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Defining Your Solution Approach: Supplier Management 101 (Part 3)

supplier management In Part 1 of this series, we introduced supplier management from a process and methodology standpoint before mapping it to various solution areas that are out in the marketplace. Supplier management often is called SLM because of its lifecycle focus, which spans initial analysis (analysis and opportunity identification), planning (sourcing), negotiation (contract management) and execution (performance), and closes the process loop by leading back to the analysis phase of the strategic sourcing cycle as a result of future opportunity identification. Third-party management (3PM), which deals with non-suppliers that are also critical to your organization — such as government agencies, third-party logistics, partners and (media) agencies — is simply the application of the appropriate finely-tuned subset of supplier management capabilities to the third party that needs to be managed for organizational success. And, of course, you also need good supplier information. In this installment we cover what is in scope from a process and information standpoint before mapping to solution categories that are available in the market.

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Torchlite: WIP of the Week

Torchlite This week we present Torchlite as the WIP of the Week. The company, just out of the blocks in 2015, specializes in providing the full-range of digital marketing services through a unique “service provider” platform-based model. In many ways, the company acts like an outsourcer of digital marketing services for companies that are not in a position to execute digital marketing on their own — or do so at a very high cost with unsatisfactory results. In this brief, we provide an overview of Torchlite and its unique platform model and, as usual, offer our own commentary.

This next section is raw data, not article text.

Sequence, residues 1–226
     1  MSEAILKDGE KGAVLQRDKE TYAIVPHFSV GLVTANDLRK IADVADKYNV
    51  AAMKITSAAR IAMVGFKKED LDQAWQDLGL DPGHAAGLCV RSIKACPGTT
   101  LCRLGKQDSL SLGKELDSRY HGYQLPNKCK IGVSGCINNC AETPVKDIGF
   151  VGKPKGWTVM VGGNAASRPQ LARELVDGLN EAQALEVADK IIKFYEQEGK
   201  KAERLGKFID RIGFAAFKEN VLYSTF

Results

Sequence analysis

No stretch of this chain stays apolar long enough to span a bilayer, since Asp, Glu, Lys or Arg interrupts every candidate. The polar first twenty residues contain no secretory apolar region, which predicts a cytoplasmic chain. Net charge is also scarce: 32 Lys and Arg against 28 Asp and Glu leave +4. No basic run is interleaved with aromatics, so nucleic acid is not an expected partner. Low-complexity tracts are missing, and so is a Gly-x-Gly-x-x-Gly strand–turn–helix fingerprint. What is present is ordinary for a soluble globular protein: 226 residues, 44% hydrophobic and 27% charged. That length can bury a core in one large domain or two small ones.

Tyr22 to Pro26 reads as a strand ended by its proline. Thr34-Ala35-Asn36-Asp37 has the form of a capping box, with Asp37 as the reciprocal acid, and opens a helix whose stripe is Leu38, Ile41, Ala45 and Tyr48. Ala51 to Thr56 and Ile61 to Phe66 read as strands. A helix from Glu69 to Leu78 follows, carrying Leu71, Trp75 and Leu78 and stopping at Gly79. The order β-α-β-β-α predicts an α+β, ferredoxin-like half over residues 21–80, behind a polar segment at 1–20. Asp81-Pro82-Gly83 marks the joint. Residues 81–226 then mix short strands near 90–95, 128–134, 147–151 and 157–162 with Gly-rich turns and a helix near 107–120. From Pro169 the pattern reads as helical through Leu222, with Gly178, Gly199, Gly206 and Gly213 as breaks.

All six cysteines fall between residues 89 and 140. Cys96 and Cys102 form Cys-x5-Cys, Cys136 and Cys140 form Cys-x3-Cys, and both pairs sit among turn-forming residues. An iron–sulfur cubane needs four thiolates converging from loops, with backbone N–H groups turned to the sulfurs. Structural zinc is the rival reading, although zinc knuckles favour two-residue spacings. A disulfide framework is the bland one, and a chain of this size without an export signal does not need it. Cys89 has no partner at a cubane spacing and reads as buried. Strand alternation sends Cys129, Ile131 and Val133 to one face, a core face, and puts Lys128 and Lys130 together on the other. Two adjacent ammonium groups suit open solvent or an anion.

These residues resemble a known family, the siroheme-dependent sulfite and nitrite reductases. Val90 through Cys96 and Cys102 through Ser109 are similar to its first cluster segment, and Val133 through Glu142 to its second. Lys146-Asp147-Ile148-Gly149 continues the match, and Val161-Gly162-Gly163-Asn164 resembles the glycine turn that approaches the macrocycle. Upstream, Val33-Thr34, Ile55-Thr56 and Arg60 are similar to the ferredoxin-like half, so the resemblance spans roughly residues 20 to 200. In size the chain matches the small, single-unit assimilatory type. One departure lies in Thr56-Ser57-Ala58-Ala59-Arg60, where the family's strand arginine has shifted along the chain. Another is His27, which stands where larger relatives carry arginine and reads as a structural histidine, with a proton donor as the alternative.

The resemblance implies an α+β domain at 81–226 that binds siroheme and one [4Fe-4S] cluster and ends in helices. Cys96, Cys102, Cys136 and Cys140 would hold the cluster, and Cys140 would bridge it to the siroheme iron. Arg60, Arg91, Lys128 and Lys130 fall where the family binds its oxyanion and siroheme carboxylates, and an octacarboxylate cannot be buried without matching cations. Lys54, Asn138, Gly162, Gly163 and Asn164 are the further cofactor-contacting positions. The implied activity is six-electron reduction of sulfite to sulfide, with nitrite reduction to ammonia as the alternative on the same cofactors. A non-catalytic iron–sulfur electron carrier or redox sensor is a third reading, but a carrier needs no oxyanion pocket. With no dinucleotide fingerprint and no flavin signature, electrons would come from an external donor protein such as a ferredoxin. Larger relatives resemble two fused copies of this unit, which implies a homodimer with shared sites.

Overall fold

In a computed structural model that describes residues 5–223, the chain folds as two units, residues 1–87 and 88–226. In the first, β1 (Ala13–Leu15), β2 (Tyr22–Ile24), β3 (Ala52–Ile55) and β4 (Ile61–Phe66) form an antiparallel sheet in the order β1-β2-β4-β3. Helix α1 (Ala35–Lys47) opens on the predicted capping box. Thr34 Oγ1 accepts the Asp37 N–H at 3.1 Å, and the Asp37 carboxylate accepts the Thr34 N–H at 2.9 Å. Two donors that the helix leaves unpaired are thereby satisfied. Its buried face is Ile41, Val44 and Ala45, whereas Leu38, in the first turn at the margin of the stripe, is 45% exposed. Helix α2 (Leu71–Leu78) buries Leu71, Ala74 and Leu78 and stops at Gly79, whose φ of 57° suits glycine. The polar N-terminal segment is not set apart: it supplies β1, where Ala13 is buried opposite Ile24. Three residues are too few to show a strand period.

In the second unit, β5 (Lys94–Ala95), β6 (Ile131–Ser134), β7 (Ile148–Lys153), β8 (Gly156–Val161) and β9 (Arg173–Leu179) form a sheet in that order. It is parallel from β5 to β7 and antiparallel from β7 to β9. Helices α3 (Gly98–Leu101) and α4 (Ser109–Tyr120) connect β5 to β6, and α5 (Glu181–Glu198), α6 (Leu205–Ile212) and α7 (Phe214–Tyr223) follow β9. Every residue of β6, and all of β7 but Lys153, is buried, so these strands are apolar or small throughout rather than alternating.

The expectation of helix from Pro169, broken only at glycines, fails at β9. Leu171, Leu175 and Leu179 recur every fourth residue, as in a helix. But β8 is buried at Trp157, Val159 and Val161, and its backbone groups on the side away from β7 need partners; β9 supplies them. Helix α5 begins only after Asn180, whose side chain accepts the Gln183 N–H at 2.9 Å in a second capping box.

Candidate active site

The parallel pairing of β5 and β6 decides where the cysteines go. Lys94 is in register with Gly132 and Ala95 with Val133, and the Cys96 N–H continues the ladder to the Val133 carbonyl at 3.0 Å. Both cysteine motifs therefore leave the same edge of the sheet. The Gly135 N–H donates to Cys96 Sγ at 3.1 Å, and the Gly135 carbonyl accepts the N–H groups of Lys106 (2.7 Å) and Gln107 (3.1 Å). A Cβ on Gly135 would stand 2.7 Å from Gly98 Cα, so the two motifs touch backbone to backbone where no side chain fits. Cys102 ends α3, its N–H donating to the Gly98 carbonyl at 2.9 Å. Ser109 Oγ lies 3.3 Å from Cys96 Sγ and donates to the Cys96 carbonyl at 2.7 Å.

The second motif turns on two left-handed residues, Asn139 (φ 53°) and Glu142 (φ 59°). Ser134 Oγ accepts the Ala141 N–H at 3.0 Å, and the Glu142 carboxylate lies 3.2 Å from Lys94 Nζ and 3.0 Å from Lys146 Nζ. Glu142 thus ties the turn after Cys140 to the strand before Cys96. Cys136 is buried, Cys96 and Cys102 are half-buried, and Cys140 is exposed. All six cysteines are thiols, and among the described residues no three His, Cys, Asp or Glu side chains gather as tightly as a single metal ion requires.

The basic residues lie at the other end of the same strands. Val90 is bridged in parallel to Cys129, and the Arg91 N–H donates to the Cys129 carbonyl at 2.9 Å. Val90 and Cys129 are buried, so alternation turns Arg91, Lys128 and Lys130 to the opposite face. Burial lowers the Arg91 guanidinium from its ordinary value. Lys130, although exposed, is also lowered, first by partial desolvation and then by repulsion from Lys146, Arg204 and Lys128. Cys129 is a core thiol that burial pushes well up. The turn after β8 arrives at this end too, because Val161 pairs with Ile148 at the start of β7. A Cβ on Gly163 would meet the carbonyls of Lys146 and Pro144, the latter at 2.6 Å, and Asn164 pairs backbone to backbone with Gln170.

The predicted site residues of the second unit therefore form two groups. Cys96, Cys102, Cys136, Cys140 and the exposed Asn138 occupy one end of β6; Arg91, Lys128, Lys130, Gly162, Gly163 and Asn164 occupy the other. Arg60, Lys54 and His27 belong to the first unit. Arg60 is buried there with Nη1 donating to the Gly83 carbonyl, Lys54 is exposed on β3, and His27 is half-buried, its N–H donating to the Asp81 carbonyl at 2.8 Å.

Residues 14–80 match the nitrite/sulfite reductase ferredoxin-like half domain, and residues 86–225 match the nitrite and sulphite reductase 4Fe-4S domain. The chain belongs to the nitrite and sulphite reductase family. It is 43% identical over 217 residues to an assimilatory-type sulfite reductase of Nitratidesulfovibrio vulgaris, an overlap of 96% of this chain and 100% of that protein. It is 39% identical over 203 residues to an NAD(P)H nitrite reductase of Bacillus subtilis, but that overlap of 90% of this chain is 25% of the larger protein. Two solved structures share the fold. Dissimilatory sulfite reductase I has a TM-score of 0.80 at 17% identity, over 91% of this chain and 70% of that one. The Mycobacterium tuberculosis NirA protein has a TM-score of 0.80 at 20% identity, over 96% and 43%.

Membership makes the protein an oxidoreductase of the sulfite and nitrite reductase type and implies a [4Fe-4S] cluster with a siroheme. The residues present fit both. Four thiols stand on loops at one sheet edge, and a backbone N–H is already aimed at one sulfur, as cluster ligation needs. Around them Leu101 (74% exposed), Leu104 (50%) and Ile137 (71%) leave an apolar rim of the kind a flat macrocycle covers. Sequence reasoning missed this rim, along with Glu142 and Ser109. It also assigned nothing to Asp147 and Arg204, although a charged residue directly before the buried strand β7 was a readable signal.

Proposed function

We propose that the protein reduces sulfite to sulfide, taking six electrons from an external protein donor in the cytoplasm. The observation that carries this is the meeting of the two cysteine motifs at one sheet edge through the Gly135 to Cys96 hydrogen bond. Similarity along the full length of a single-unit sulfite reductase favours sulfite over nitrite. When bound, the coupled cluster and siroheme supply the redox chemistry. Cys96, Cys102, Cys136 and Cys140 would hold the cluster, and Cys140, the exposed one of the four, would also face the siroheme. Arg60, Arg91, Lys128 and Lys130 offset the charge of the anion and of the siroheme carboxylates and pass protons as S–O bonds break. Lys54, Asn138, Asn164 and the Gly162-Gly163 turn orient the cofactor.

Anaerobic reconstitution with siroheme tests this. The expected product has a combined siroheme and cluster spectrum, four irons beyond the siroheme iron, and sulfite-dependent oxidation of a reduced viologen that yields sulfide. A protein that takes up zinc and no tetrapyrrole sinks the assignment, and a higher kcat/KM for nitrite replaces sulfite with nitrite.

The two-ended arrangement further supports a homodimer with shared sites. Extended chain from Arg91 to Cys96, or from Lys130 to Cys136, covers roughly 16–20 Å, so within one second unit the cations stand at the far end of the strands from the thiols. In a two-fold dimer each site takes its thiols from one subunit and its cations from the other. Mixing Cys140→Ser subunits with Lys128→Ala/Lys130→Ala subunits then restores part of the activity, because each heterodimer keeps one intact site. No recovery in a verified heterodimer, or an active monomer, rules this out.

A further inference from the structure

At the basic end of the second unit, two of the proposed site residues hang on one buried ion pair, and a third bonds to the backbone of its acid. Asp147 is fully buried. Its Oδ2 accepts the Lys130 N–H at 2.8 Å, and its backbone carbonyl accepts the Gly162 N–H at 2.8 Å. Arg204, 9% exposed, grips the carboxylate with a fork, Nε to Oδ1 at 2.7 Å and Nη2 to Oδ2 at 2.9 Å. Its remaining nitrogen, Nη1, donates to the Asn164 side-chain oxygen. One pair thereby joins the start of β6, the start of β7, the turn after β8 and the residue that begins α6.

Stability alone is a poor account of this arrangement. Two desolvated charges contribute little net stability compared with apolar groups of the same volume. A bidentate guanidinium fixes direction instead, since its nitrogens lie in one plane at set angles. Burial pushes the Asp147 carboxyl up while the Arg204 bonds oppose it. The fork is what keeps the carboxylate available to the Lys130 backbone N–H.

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Lavante: Vendor Snapshot (Part 2) — Strengths, Weaknesses, Competition and Customer Recommendations

e-procurement market outlook While not as well known as many other technology providers in the procurement technology ecosystem, Lavante has quietly developed a strong list of Fortune 500 customers, many with diverse sets of supplier information management and audit recovery challenges. (And it has succeeded in linking these initiatives together, we might add.) While Lavante remains North American-centric — it has no offices overseas — the firm can support global clients that want to take audit recovery “in-house” with the flexibility (and option) to self-fund the management of supplier onboarding, master data cleansing and broader compliance initiatives through direct savings capture. As we noted in the first installment in this series, Lavante counts a diverse set of large retail, manufacturing, transportation, healthcare, pharmaceutical, hospitality, telecommunications and financial services clients, many with large supplier and transactional datasets. In our initial coverage, we provided an introduction to Lavante and some of the highlights of its solution set and capabilities. This Spend Matters PRO research brief provides additional insight into Lavante’s strengths, weaknesses and competition, and offers recommendations to customers and prospective customers that are using or considering the solution.

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HICX: Vendor Snapshot (Part 2) — Strengths, Weaknesses, Competition and Customer Fit